Interesting Times

Jan 27th, 2010, in Opinion, by

A smouldering civil war among the elites, Army power plays, and Chinese scapegoats.

This stems from a conversation I had just after the Christmas/New Year’s holidays with an old gentleman of my acquaintance. This man has held senior posts in government, both elected and otherwise, since early in the Suharto regime, he is a serious man who quite literally knows where many of the bodies are buried and understands well how Indonesian society and politics work. For some time now he has been warning me that Indonesia is headed for serious trouble and it will come sooner rather than later. I have until now dismissed his comments as those of a somewhat cranky old man disillusioned with how the younger generation are behaving and have pointed to the remarkable "stability" and economic success Indonesia has been undergoing lately. I am no longer of that opinion and have begun to accept, depressingly, what he has been saying.

I will condense his thesis (which he has written in a private 12 page summary for some friends and associates who have sought his views on the current state of affairs, he was kind enough to let me have a copy) as well as I can and I welcome any commentators who have a deeper understanding than I do of what is happening in Indonesia today. For myself I have come around to the realisation that although I live here and keep myself up to date with Indonesian news I don’t really know what makes this country tick.

It is as follows:


Under the thin veneer of the current Indonesian success story there lie extremely serious stress fractures in this society. Some people point to terrorism as a major concern, my friend dismisses this as actually something that can be and indeed is being contained by the Indonesian state. The deep divisions among the elites of this society however are something that cannot be so easily resolved and will cause a major earthquake if they are not handled with more determination, something that the current President seems incapable or perhaps unwilling so to do.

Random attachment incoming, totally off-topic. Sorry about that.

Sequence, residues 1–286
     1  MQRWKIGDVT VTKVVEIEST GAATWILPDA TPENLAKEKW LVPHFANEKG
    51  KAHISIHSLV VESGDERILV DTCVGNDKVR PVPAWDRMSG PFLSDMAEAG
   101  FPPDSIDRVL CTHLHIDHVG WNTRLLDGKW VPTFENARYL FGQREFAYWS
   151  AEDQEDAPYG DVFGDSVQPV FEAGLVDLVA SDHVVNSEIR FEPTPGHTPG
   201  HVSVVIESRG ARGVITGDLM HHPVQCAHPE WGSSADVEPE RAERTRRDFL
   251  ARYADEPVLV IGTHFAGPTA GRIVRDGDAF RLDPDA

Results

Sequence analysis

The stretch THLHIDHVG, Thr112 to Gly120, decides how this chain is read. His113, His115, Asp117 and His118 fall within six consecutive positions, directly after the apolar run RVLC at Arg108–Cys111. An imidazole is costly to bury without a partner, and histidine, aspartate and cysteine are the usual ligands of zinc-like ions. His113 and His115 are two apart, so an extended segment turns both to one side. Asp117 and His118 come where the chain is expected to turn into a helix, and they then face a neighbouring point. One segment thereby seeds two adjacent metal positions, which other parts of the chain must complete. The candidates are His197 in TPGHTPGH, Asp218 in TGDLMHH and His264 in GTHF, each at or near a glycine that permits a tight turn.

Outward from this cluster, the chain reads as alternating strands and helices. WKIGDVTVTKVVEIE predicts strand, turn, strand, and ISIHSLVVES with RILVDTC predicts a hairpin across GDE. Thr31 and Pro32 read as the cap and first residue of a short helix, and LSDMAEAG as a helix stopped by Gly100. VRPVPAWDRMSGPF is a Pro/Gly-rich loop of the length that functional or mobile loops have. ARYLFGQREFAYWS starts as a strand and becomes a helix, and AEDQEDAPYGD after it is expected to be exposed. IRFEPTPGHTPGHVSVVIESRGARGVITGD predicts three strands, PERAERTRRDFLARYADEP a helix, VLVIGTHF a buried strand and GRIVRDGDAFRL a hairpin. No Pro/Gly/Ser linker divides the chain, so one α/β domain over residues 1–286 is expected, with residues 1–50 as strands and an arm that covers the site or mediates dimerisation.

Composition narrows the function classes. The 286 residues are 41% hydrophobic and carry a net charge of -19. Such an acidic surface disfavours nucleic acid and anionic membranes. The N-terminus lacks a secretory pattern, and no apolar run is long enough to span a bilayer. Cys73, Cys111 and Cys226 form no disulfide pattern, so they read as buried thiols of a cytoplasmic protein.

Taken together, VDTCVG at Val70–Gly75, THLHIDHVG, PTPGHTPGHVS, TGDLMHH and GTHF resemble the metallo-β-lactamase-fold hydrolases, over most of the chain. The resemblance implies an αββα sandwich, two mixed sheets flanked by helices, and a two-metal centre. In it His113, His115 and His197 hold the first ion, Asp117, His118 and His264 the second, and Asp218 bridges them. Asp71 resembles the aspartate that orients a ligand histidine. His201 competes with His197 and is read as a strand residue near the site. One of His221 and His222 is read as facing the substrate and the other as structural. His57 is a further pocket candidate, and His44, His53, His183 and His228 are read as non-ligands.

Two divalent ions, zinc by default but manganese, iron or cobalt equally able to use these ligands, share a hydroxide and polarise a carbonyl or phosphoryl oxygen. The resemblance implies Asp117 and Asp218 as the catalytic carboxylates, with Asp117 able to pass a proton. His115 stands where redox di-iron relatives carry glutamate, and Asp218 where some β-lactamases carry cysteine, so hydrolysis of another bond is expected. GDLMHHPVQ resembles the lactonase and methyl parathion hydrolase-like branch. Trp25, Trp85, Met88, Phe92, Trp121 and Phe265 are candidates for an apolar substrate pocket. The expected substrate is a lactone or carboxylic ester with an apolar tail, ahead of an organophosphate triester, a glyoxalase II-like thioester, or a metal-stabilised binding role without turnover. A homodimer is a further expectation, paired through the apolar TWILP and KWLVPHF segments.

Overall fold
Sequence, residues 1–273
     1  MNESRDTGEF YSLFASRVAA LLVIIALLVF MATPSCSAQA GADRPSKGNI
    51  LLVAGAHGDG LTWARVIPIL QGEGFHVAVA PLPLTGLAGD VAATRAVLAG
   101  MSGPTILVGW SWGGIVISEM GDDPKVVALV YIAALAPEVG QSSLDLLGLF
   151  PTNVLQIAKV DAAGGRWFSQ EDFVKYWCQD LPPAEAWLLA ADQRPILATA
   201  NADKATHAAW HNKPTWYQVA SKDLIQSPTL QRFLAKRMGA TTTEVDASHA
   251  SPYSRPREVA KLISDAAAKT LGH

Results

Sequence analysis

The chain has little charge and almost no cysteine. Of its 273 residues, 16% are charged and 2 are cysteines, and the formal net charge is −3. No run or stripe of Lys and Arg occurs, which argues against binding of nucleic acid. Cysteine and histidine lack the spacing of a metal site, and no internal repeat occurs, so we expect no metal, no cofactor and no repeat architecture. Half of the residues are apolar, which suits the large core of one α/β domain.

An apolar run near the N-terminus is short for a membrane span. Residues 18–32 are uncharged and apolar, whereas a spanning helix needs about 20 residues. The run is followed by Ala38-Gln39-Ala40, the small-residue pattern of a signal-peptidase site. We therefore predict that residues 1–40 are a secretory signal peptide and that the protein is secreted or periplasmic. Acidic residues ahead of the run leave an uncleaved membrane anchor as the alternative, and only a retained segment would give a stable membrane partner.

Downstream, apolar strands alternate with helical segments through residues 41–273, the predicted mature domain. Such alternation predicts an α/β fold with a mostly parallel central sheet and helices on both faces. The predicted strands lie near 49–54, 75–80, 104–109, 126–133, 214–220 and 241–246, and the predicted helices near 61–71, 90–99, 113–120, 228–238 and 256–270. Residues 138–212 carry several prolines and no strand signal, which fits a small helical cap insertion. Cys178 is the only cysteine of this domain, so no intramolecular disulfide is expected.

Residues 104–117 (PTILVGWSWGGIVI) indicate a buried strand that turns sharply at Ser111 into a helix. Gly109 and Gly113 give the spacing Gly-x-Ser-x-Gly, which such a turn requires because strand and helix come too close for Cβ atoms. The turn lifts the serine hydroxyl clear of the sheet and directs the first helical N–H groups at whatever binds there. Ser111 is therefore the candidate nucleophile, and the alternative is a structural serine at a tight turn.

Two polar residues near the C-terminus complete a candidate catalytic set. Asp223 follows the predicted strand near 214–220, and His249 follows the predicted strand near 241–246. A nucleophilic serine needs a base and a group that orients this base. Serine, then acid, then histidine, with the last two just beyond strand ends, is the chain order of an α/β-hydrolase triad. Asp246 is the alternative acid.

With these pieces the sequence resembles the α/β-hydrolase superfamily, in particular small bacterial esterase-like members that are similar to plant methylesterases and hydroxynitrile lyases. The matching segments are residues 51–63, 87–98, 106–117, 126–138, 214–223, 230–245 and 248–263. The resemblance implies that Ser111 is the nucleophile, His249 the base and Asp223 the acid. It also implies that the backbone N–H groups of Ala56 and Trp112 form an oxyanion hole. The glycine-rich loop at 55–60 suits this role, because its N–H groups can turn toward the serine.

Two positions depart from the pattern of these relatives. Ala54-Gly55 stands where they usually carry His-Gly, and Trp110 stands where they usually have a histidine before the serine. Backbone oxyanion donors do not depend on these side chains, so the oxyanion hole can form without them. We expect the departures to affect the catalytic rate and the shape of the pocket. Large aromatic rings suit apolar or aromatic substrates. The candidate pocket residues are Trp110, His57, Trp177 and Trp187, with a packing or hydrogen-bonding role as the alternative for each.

These elites in business, politics, the media, the police and the armed forces are at this very moment in a state of undeclared civil war, quite literally so in the case of the last two. Beneath these elites is a seething mass of poverty stricken, depressed citizenry which is being stoked up by extremely dangerous individuals that have past form in these matters and who could cause a tsunami to erupt in the streets at any time.

The current hysteria about demonstrations leading to disorder and the police mobilising 10,000 officers to handle demos that end up with less than half that number of protesters may seem excessive but I am assured that behind the scenes there are in fact sinister elements (you don’t need me to tell you who they are) who are gearing up to actually turn one of these events nasty and right now they are simply biding their time for the right opportunity.

I alluded to the army/police split earlier and this is a pivotal element in all of this. The Army should not be dismissed as a busted flush in Indonesian politics, they have been licking their wounds since 1998 and have been getting more and more alienated from the current government.

Anti-corruption drives, divesting the Army of their business interests, giving increased security roles to the Police have all been causing great resentment among the Army high command and the rank and file and they are starting to make some rather ominous comments about this state of affairs. They are starting to get restless and indeed I understand that the head of the TNI dropped some serious hints that the Army wasn’t happy about how Indonesian politics were proceeding during a major speech in December (my apologies, I haven’t been able to link this).

If anyone thinks that it is ludicrous to suggest that the Army could even contemplate trying to get into power again one should only remember that of the three tickets for the presidential election last year, all of them had a "retired" general on them. It was only ten short years ago that Thailand seemed like a peaceful democracy, until one morning the citizens of Bangkok woke up to find tanks on the street.

Coupled with all of this is Indonesia’s nasty little attraction to running amok among the Chinese and this is where all the relentless media attention given to the recent corruption scandals come in. You must always remember that the media reporting these events are not dispassionate, neutral observers but are in fact owned by the various factions in the ongoing political disputes.